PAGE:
Sick of Sewage in San Diego
More than a decade ago, San Diego County was home to daily sewage spills, earning the region a dubious distinction in local, state and national publications. That is, until San Diego Coastkeeper stepped into the scene.
In San Diego, a vast underground network of pipes collects all of the waste generated by residents and businesses. In the City of San Diego, we have nearly 3,000 miles of these sewer pipes that snake underneath our streets. Eventually these pipes move wastewater to the Point Loma Treatment Plant, which treats and discharges into the ocean 150 million gallons of wastewater a day.
Chronic sewage spills happen because San Diego’s antiquated system literally bursts at the seams with the onset of rainwater volume. These spills from the pipes or treatment plant lead to raw or partially treated sewage discharged directly into our creeks, lagoons, or coastal areas.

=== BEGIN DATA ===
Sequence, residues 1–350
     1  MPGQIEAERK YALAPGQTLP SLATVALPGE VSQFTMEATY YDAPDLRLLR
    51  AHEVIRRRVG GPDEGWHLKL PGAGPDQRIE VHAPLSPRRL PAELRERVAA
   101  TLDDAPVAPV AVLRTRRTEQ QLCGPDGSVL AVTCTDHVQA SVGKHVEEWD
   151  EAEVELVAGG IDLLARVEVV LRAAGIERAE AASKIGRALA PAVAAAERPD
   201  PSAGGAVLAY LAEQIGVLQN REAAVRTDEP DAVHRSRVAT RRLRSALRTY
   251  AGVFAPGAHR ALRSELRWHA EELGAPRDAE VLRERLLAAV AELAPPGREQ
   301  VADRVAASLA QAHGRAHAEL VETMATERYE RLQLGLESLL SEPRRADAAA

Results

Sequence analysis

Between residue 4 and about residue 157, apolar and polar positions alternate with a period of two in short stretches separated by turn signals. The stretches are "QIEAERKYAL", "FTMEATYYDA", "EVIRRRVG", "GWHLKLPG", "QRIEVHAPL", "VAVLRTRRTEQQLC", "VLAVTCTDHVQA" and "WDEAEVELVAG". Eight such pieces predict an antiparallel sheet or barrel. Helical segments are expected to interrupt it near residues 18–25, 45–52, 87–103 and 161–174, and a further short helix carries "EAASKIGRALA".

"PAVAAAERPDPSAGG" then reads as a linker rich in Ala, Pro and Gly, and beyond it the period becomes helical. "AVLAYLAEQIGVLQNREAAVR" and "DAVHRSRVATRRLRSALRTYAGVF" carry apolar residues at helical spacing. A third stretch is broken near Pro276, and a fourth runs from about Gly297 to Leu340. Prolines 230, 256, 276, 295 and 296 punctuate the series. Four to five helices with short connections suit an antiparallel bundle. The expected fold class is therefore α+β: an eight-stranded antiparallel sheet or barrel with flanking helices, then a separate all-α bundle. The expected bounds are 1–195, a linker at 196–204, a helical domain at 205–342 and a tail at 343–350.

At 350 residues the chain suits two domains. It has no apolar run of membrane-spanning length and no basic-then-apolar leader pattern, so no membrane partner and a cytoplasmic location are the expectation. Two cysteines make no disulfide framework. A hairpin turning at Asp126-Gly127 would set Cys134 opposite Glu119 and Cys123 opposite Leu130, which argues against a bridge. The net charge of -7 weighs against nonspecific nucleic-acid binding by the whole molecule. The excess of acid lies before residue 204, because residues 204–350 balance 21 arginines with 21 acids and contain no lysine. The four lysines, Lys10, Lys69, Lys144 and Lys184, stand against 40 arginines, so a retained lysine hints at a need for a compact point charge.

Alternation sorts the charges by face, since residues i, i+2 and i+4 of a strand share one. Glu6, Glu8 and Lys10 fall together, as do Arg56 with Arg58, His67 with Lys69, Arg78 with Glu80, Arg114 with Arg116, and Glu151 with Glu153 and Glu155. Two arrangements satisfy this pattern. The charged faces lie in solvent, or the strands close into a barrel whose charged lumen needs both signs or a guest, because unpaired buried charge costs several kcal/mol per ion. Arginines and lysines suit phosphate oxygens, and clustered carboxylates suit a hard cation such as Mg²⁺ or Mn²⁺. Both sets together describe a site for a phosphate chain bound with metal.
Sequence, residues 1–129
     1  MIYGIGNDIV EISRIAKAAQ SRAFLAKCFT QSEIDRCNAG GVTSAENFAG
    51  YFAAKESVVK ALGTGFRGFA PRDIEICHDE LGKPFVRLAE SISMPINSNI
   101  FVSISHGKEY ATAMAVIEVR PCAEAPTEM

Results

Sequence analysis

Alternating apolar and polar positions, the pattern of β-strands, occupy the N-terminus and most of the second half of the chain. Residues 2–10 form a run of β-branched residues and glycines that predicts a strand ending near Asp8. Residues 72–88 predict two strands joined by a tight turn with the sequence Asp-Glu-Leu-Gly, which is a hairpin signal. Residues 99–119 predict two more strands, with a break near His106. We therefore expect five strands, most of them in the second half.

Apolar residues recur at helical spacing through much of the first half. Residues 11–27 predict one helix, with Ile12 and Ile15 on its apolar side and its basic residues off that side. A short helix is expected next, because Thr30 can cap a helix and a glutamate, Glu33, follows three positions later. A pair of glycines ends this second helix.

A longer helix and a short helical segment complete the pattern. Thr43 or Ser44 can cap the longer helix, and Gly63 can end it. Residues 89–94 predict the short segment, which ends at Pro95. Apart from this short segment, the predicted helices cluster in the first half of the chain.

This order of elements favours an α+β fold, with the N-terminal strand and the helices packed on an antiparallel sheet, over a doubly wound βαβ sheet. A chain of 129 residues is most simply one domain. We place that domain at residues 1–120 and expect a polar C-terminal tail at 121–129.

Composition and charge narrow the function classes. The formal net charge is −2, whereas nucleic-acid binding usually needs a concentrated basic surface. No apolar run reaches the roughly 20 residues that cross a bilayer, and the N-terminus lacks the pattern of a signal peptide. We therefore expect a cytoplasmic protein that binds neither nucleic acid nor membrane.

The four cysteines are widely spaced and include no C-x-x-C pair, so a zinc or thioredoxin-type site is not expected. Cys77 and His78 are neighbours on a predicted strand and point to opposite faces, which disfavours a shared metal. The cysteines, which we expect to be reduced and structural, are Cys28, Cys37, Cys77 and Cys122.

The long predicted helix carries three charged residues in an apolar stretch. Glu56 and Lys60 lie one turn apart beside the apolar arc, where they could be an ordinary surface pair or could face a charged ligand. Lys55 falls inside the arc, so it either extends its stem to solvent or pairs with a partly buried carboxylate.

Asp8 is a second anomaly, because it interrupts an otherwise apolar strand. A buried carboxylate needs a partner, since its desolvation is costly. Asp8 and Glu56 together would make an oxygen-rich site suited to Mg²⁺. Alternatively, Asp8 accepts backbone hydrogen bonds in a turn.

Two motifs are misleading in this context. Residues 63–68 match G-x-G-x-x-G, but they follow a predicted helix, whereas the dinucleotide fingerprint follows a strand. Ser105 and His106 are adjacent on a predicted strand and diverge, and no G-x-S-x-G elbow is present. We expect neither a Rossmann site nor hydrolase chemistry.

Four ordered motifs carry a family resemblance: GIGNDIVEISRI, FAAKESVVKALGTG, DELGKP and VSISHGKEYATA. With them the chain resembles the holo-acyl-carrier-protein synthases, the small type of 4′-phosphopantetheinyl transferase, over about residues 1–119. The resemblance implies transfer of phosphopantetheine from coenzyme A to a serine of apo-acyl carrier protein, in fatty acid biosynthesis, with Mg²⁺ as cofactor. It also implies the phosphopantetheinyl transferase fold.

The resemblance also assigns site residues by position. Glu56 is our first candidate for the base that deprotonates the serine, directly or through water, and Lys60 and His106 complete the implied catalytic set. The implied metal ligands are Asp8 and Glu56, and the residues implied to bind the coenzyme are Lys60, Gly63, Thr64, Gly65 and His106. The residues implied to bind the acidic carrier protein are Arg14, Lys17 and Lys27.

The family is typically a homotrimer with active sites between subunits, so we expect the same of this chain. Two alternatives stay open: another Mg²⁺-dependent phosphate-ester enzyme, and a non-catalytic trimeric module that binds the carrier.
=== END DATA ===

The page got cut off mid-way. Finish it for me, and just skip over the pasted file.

When sewage spills into San Diego’s water, it carries with a variety of pathogens (microbes that make us ill). This puts the health of swimmers, surfers, and other people coming into contact with the water at greater risk of illness, like gastroenteritis, and ear, eye, nose, and throat infections.
In fact, we’ve already reduced sewage spills in the City of San Diego by 90 percent and beach advisories in San Diego County by 77 percent.
You can say no to sewage, too
- Don’t put fats, oils or grease down the drain. These substances are a major cause of sewer pipe blockages that lead to spills. Instead, put them in the garbage and follow city or county regulations.
- If you own a home, have your lateral line inspected. Damaged lateral lines are also a major contributor of spills in the collection system.
- Support you local agencies efforts to upgrade your wastewater infrastructure.
- Donate to Coastkeeper to fund our fight to stop sewage spills.